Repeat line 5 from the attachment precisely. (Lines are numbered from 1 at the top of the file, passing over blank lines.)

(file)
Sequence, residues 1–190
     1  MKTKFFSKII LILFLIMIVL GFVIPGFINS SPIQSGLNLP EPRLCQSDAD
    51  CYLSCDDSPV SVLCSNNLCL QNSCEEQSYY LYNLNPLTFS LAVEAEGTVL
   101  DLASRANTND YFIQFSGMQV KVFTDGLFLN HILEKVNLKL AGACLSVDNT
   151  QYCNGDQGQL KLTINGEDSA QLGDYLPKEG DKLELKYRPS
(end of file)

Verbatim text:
   151  QYCNGDQGQL KLTINGEDSA QLGDYLPKEG DKLELKYRPS